Sisters of Mercy & History
Mercy McAuley High School is part of the Mercy Education System of the Americas.
Catholic Mercy education has a long and rich history in Cincinnati and throughout the United States. This history is rooted in Ireland in the ministry of Catherine McAuley, the founder of the Sisters of Mercy, and her companions. Catherine recognized the many needs of people who were economically poor in early nineteenth century Ireland and determined that she and women like her could make a difference.
Spending her inheritance, Catherine opened the first House of Mercy on Lower Baggot Street in Dublin, Ireland, on September 24, 1827, as a place to shelter and educate women and girls. Catherine's original intention was to assemble a lay corps of Catholic social workers. Impressed by her good works and the importance of continuity in the ministry, the archbishop of Dublin advised her to establish a religious congregation. Three years later, on December 12, 1831, Catherine and two companions became the first Sisters of Mercy.
In 1843, Mother Frances Warde and six Irish sisters crossed the Atlantic to establish the Sisters of Mercy in the United States, initially in Pittsburgh. Since then, the sisters’ work in ministering to the sick and economically poor has expanded to embrace education, health care and pastoral and social services in hundreds of sites as they respond to the changing needs of the times. Now an international congregation, the Sisters of Mercy dedicate their lives to God through vows of poverty, chastity, obedience and service.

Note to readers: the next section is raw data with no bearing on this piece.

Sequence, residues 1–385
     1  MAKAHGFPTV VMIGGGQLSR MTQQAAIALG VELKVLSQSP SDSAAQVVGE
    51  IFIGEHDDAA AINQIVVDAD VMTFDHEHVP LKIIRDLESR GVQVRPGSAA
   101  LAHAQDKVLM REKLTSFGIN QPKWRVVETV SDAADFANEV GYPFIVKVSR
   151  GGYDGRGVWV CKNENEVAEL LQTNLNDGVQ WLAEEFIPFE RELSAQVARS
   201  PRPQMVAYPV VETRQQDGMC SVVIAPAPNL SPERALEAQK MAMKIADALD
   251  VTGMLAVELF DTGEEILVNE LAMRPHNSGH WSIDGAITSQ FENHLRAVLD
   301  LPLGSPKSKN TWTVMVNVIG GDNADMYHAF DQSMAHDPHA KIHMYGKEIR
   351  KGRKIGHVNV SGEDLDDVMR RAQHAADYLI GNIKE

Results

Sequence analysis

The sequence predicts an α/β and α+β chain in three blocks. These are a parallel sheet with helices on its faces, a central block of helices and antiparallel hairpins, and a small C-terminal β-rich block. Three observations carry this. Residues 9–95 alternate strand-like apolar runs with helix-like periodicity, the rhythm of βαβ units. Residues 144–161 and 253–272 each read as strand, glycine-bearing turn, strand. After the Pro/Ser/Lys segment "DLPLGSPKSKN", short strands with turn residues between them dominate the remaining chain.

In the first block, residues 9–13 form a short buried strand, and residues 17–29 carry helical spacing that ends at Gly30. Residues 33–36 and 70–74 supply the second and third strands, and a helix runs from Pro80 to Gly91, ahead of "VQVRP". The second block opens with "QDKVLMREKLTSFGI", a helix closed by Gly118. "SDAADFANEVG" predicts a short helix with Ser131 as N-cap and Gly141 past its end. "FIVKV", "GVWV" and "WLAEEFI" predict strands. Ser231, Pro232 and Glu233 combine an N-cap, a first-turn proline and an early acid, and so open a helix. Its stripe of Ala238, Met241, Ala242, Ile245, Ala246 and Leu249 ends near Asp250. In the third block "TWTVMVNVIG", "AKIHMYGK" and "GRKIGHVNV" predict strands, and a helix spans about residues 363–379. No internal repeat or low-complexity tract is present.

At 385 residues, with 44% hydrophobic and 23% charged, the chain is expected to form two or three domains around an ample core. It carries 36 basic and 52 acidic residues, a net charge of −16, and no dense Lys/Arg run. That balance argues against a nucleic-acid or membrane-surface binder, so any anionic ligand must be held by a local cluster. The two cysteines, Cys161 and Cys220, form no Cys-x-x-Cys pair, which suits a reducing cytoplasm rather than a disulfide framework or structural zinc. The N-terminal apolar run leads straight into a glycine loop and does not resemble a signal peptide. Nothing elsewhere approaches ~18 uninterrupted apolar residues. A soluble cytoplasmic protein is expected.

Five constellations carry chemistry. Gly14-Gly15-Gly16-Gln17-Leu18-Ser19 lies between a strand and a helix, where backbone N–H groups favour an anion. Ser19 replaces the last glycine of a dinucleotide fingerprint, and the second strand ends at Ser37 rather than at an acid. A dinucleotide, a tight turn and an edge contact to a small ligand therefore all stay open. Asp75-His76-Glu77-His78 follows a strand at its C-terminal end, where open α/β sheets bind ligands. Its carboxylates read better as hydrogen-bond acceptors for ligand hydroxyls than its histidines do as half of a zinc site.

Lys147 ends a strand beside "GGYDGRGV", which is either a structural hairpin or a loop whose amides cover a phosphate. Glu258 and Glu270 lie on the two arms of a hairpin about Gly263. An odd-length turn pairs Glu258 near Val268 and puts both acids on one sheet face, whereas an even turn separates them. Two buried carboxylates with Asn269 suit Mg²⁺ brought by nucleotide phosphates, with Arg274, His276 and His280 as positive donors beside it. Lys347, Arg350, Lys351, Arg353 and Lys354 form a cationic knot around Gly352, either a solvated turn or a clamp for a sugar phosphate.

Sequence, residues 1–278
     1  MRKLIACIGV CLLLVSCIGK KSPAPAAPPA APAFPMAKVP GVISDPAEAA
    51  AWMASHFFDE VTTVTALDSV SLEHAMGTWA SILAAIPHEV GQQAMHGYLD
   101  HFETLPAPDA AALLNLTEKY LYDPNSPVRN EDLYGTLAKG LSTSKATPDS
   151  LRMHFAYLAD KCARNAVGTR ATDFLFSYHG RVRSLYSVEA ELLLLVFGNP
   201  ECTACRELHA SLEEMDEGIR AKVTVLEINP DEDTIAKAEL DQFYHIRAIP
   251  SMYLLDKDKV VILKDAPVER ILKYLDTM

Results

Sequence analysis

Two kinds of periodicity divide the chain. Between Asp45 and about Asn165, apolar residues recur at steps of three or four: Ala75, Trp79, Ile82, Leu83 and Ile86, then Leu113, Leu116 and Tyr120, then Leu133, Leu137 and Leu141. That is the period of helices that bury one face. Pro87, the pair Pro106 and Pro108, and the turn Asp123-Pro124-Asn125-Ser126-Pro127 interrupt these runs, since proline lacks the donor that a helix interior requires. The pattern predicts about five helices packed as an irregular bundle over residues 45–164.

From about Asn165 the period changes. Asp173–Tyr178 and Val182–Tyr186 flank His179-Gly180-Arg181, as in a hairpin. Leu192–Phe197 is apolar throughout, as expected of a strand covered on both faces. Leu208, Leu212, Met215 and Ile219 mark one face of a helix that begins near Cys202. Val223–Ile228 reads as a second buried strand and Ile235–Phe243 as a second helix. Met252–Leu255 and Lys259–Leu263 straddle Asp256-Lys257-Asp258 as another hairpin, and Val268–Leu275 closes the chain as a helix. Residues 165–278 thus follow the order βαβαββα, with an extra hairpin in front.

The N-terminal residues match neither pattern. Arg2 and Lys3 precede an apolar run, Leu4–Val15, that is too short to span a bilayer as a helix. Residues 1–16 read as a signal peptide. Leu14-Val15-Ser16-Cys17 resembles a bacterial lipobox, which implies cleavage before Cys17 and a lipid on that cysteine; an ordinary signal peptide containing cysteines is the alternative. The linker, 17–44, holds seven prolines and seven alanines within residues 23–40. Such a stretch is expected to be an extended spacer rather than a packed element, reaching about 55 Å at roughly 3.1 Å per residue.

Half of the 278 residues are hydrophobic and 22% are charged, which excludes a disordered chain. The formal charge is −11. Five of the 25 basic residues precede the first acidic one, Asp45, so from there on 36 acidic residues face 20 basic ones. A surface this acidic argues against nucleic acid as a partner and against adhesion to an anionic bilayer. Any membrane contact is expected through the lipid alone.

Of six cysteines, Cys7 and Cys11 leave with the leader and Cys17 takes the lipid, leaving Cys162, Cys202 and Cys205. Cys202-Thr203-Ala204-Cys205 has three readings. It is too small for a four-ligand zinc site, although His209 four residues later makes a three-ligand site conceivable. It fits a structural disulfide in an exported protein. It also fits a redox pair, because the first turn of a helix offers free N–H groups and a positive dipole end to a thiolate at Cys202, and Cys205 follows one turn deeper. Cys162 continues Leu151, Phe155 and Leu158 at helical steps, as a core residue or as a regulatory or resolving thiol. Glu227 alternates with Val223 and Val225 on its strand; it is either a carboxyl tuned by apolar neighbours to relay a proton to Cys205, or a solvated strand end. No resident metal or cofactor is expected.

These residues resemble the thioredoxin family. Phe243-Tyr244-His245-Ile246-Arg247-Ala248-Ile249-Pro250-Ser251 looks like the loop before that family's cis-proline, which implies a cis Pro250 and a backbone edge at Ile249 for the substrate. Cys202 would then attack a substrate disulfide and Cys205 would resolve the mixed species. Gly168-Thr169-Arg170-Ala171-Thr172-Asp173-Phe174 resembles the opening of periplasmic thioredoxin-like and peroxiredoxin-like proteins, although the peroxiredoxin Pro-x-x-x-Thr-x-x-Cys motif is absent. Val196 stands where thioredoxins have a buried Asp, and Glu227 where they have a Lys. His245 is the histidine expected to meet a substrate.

The Institute of the Sisters of Mercy of the Americas comprises nearly 3,000 sisters in the United States, Central America, South America, the Caribbean, the U.S. territory of Guam, the Philippines, and Jamaica. Through prayer and service, the sisters address five Critical Concerns: the causes and effects of violence, racism, degradation of Earth, and injustice to women and immigrants. They serve in more than 200 organizations, called “ministries,” that help thousands of people annually. These include healthcare systems and clinics; schools, colleges and universities; pastoral care such as retreat and spirituality centers and programs; and social service ministries that focus on a variety of needs such as housing, poverty and issues faced by immigrants and refugees.
The Sisters of Mercy’s ministry in education has been thriving in Cincinnati for more than 100 years. They established Mother of Mercy High School in Westwood in 1915 and McAuley High School in 1960, and together, these schools graduated over 23,000 Women of Mercy through the year 2018. Today, this legacy, and this commitment to Catholic Mercy education in Cincinnati, lives on through the establishment of Mercy McAuley High School, which opened in August 2018 and is now part of the Mercy Education System of the Americas.